Last night, it’s fair to say that there was a bit of controversy.
Morgan Knowles had been banned earlier in the week for this week’s Grand Final after being charged with a Grade B Dangerous Contact.
St Helens took that to an appeal, but the original ruling was confirmed, but not deemed frivolous.
However, the Merseyside club then went to another appeal last night, with Knowles’ ban being overturned.
HHJ Roger Thomas opened the hearing, with panel members Wilf George and Danny Sculthorpe alongside, outlining the original charge which was under 15.1 (i) Defender uses any part of their body forcefully to twist, bend or otherwise apply pressure to the limb or limbs of an opposing player in a way that involves an unacceptable risk of injury to that player. and emphasising that this was not a re-hearing of the case but an appeal based on one of the limited number of areas an appeal could be made on, which are that the Operational Rules Tribunal:
• came to a decision to which no reasonable body could have come; or
• made an error of law in reaching its decision; or • failed to act fairly in a procedural sense; or
• the sanction imposed was so excessive or lenient (in the case of the Compliance Manager) as to be unreasonable.
St Helens, in the form of CEO Mike Rush, contested that their challenge was based on the fact that the original tribunal’s decision was contradictory and they came to a decision to which no reasonable body could have come.
The basis for this argument was that as the original tribunal had agreed that the action of Mr Knowles was a professional foul in an attempt to slow the play the ball down; they could not say that either the player’s shoulder or indeed the player’s wrist at any point was in an unnatural position, although it appeared that the attacking player’s shoulder was put to the end of the range of its normal motion.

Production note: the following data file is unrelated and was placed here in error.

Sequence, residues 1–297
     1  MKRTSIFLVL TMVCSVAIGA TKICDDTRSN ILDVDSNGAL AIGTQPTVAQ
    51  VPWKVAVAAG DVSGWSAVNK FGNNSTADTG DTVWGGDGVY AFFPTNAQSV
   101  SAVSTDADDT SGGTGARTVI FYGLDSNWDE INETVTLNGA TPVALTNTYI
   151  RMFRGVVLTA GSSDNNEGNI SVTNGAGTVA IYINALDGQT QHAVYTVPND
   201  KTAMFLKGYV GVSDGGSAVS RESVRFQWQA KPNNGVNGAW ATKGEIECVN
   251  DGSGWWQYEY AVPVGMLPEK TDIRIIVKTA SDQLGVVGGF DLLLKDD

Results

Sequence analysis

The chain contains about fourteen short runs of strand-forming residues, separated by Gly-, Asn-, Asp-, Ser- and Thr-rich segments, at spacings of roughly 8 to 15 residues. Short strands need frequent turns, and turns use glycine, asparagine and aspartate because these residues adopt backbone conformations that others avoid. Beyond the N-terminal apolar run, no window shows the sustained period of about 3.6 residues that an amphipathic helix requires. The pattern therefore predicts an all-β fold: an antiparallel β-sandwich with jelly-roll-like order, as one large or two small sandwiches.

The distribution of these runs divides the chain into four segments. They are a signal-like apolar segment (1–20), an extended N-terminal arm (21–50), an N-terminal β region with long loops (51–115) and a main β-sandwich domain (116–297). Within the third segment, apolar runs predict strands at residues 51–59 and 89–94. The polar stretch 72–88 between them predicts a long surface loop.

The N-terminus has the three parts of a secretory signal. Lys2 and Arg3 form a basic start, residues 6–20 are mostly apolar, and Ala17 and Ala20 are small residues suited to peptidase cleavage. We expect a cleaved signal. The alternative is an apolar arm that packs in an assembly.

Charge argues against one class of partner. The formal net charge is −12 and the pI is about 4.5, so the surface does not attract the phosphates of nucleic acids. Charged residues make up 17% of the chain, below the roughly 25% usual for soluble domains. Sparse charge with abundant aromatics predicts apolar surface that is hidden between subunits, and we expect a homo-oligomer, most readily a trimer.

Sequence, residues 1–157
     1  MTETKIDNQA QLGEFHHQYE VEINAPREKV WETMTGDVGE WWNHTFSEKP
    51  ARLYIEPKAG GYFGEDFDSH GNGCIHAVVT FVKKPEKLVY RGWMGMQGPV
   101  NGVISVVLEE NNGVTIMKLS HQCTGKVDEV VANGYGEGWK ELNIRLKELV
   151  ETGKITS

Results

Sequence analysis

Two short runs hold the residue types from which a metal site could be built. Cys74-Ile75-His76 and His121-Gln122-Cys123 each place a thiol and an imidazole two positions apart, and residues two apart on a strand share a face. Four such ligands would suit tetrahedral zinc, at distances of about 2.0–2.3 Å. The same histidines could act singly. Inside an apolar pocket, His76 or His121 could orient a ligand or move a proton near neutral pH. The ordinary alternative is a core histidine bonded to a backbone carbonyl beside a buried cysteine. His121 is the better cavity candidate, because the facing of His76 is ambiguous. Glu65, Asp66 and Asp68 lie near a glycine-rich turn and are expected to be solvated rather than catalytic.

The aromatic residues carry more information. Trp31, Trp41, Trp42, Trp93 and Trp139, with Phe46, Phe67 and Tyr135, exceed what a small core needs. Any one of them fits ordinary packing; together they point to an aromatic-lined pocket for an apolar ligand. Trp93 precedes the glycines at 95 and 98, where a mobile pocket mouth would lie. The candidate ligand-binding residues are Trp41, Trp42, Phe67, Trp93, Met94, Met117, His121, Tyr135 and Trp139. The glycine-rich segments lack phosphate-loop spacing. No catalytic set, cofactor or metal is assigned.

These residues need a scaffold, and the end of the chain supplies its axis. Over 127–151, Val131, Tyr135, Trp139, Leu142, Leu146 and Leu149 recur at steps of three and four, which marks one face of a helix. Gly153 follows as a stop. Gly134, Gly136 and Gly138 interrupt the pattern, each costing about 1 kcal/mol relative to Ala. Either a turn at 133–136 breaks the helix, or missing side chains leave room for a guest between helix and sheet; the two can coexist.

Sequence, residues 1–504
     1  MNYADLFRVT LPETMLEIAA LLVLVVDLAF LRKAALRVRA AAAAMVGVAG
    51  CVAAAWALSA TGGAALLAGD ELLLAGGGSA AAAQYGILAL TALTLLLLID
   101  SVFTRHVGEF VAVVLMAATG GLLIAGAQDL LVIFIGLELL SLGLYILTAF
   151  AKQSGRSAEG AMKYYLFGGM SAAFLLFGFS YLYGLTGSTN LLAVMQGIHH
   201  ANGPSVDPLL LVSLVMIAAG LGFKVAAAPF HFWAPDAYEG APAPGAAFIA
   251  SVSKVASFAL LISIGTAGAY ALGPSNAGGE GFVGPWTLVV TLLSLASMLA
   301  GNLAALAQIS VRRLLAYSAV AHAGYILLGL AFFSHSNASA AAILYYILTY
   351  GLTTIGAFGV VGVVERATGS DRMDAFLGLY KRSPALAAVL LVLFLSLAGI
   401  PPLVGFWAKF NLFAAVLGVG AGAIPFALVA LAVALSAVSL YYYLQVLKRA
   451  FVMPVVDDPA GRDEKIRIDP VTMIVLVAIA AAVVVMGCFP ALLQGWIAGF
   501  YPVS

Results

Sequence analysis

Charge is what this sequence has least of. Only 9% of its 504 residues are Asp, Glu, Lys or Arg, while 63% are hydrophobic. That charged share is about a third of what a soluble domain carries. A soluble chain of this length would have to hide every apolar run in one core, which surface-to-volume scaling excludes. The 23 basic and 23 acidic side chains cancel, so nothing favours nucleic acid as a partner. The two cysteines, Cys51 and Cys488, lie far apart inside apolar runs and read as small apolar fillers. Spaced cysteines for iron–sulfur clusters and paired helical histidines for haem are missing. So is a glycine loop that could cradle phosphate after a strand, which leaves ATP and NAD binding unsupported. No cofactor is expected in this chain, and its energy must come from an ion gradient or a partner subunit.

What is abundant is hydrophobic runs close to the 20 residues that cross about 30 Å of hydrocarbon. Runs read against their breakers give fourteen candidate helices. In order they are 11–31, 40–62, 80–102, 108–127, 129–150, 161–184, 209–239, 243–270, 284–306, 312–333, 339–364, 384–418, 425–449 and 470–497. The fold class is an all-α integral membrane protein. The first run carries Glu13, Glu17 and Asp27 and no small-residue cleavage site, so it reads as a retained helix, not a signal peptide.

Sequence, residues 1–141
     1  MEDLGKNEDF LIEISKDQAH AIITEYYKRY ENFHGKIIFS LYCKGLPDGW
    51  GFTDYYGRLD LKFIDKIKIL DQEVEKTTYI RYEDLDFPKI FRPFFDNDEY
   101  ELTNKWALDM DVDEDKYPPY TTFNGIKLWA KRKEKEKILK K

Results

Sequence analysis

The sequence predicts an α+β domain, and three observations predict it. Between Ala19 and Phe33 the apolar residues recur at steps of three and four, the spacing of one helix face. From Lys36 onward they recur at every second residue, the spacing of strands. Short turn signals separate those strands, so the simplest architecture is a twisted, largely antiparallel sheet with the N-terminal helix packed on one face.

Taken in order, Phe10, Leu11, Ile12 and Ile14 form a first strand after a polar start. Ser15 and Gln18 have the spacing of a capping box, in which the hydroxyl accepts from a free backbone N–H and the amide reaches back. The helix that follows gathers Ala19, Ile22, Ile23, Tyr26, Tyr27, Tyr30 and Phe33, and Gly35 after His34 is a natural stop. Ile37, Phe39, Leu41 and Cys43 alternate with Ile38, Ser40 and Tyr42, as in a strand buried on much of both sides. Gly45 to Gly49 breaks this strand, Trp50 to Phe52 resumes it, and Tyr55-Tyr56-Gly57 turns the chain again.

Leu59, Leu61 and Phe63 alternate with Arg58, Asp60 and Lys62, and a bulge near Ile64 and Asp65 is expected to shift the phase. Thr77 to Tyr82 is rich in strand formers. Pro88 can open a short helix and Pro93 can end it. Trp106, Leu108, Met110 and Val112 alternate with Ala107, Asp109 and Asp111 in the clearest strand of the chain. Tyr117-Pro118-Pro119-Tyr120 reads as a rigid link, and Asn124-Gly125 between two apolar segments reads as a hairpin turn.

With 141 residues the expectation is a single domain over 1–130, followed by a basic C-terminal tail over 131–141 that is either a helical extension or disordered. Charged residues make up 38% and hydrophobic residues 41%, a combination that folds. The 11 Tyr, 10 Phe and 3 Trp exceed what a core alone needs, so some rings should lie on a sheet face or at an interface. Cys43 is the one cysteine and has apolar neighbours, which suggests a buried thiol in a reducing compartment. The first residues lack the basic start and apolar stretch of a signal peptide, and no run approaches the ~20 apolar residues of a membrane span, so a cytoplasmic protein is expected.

Whilst there could be a risk, as with every tackle on the rugby pitch, due to the lack of movement beyond its natural range, there was not an ‘unacceptable risk’ which was an element of the charge and all elements of that charge had to be met.
Although the original tribunal believed that Mr Knowles’ actions caused the attacking player to twist his trunk in the same direction as Mr Knowles was applying pressure, so as to avoid further injury to himself and was therefore in a vulnerable position such that any further force from Mr Knowles or indeed from any other tackler could easily have caused injury, their opinion that there was an unacceptable risk taken by the player was wrong, as they had already agreed that the arm was never in an unnatural position Mr Knowles’ actions were, therefore, not reckless.
The Appeals Panel did not hear any fresh evidence as this was not a new hearing but a review of the original hearing, and after deliberation they agreed that the original tribunal’s ruling that there was ‘unacceptable risk’ could not be the case if the player’s arm never extended beyond the natural range of movement and therefore deemed the appeal to be successful.